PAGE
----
Na/Ca exchange in heart failure contractile dysfunction and arrhythmogenesis

Steven M. Pogwizd, Donald M Bers

Research output: Contribution to journalArticle

55 Scopus citations

Abstract

Congestive heart failure (HF) is characterized by contractile dysfunction and a high incidence of sudden death from nonreentrant ventricular arrhythmias, both of which involve altered intracellular calcium handling. The focus of this article is on the critical role of the Na/Ca exchanger. We demonstrate that upregulation of Na/Ca exchanger unloads the sarcoplasmic reticulum (SR), leading to contractile dysfunction. At the same time, Na/Ca exchanger underlies the arrhythmogenic transient inward current (Iti) in HF. Preserved β-adrenergic responsiveness in HF plays a crucial role in increasing SR Ca load, leading to SR Ca release and activation of Iti. In addition, decreased IK1 (inward rectifier) current in HF destabilizes resting membrane potential (Em) and further enhances arrhythmogenesis mediated by the upregulated Na/Ca exchanger. We thus propose a new paradigm in which upregulated Na/Ca exchanger in HF plays a dual role in underlying both the contractile dysfunction and arrhythmogenesis in the failing heart. Therapeutic approaches to the treatment of HF will need to balance increasing SR Ca load with the arrhythmogenic effects of SR Ca overload that involve activation of Iti carried by Na/Ca exchanger.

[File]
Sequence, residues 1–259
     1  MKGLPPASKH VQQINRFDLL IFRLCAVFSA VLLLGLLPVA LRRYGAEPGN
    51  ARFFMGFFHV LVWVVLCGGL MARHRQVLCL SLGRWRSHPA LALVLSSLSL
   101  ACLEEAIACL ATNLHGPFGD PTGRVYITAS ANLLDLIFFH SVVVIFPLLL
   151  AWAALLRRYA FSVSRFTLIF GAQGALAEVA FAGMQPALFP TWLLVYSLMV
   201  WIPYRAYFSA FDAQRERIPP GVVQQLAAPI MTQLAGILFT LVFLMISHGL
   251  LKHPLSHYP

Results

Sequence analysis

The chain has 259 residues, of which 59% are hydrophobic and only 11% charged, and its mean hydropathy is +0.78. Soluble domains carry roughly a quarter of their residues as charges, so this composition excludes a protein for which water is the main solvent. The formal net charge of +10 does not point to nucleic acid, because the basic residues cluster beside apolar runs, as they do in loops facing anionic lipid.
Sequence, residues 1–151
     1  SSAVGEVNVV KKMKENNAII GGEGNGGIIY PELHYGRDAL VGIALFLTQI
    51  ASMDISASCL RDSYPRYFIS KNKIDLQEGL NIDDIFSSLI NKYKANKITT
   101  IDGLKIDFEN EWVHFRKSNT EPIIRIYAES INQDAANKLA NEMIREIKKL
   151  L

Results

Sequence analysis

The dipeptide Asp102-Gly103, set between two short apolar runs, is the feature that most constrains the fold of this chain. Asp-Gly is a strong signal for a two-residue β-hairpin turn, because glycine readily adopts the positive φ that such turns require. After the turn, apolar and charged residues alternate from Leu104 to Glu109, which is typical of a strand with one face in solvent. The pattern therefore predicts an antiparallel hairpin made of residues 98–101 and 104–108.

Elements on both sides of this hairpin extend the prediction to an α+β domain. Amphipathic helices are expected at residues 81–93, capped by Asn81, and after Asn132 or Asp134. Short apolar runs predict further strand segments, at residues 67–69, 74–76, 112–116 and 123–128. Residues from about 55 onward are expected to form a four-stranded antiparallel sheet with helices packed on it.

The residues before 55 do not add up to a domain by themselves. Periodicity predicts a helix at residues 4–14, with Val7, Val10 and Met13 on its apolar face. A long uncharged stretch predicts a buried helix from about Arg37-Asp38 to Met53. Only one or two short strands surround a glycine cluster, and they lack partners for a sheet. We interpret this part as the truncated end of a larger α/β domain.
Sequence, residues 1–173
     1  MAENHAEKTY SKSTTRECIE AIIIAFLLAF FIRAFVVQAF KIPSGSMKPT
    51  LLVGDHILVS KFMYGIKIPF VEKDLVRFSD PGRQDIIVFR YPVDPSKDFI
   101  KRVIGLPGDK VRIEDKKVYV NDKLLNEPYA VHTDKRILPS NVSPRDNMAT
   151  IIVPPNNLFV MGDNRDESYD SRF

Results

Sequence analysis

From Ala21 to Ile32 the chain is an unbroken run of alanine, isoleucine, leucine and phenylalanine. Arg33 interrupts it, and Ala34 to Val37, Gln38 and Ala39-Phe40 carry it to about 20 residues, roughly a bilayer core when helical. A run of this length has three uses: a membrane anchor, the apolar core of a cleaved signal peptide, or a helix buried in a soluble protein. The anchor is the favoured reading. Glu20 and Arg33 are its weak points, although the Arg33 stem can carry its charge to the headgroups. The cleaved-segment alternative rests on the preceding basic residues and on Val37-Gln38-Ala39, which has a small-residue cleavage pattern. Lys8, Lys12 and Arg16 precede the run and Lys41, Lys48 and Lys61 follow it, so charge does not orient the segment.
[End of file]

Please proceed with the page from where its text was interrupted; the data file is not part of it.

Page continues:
Original languageEnglish (US)
Pages (from-to)454-465
Number of pages12
JournalAnnals of the New York Academy of Sciences
Volume976
StatePublished - 2002
Externally publishedYes

Keywords

  • Arrhythmia
  • Cardiomyopathy
  • Contractile dysfunction
  • Heart failure
  • Na/Ca exchanger
  • Tachycardia

ASJC Scopus subject areas

  • Biochemistry, Genetics and Molecular Biology(all)

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